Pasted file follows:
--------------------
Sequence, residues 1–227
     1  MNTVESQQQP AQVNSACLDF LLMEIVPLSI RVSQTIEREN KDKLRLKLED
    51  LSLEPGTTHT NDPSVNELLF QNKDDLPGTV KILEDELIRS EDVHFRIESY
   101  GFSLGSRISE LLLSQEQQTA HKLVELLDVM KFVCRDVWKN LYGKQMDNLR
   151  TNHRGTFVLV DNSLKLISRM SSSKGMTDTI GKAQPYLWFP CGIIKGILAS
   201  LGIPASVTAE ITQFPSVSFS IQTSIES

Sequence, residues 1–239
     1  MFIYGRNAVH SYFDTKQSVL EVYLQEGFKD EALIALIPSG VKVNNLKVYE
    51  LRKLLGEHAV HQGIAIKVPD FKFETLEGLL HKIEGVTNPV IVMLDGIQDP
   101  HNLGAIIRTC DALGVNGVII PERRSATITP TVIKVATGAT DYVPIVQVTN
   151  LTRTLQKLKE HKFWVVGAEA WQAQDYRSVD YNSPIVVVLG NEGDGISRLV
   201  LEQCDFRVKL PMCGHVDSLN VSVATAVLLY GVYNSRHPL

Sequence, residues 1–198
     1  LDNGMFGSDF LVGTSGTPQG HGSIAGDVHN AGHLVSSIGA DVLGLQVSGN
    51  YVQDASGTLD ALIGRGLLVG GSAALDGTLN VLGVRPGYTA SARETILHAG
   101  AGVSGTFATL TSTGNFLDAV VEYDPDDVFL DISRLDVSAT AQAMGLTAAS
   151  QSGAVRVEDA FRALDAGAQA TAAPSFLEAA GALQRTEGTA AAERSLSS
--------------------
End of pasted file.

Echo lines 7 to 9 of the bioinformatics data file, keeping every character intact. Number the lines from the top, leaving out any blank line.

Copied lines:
Sequence, residues 1–239
     1  MFIYGRNAVH SYFDTKQSVL EVYLQEGFKD EALIALIPSG VKVNNLKVYE
    51  LRKLLGEHAV HQGIAIKVPD FKFETLEGLL HKIEGVTNPV IVMLDGIQDP